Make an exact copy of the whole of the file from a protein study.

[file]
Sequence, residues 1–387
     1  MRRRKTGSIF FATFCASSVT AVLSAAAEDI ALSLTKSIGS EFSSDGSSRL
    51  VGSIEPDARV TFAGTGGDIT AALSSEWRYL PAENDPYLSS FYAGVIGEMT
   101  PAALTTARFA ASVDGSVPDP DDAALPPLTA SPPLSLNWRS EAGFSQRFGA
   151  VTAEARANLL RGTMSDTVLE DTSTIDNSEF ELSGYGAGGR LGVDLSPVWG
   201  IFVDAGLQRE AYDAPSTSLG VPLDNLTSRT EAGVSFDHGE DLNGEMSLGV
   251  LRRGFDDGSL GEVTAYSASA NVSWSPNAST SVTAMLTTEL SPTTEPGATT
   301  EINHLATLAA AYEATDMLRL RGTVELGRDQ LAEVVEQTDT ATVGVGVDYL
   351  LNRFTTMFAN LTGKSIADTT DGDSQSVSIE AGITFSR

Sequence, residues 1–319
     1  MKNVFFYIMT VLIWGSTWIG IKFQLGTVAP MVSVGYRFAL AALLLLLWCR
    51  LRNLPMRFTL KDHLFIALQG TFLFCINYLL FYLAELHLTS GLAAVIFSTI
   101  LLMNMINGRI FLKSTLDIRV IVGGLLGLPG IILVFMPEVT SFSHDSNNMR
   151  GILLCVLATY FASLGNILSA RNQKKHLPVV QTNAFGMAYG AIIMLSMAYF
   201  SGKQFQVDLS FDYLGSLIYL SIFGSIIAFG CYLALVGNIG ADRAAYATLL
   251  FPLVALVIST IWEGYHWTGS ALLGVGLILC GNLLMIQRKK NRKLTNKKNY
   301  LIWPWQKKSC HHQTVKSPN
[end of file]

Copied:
Sequence, residues 1–387
     1  MRRRKTGSIF FATFCASSVT AVLSAAAEDI ALSLTKSIGS EFSSDGSSRL
    51  VGSIEPDARV TFAGTGGDIT AALSSEWRYL PAENDPYLSS FYAGVIGEMT
   101  PAALTTARFA ASVDGSVPDP DDAALPPLTA SPPLSLNWRS EAGFSQRFGA
   151  VTAEARANLL RGTMSDTVLE DTSTIDNSEF ELSGYGAGGR LGVDLSPVWG
   201  IFVDAGLQRE AYDAPSTSLG VPLDNLTSRT EAGVSFDHGE DLNGEMSLGV
   251  LRRGFDDGSL GEVTAYSASA NVSWSPNAST SVTAMLTTEL SPTTEPGATT
   301  EINHLATLAA AYEATDMLRL RGTVELGRDQ LAEVVEQTDT ATVGVGVDYL
   351  LNRFTTMFAN LTGKSIADTT DGDSQSVSIE AGITFSR

Sequence, residues 1–319
     1  MKNVFFYIMT VLIWGSTWIG IKFQLGTVAP MVSVGYRFAL AALLLLLWCR
    51  LRNLPMRFTL KDHLFIALQG TFLFCINYLL FYLAELHLTS GLAAVIFSTI
   101  LLMNMINGRI FLKSTLDIRV IVGGLLGLPG IILVFMPEVT SFSHDSNNMR
   151  GILLCVLATY FASLGNILSA RNQKKHLPVV QTNAFGMAYG AIIMLSMAYF
   201  SGKQFQVDLS FDYLGSLIYL SIFGSIIAFG CYLALVGNIG ADRAAYATLL
   251  FPLVALVIST IWEGYHWTGS ALLGVGLILC GNLLMIQRKK NRKLTNKKNY
   301  LIWPWQKKSC HHQTVKSPN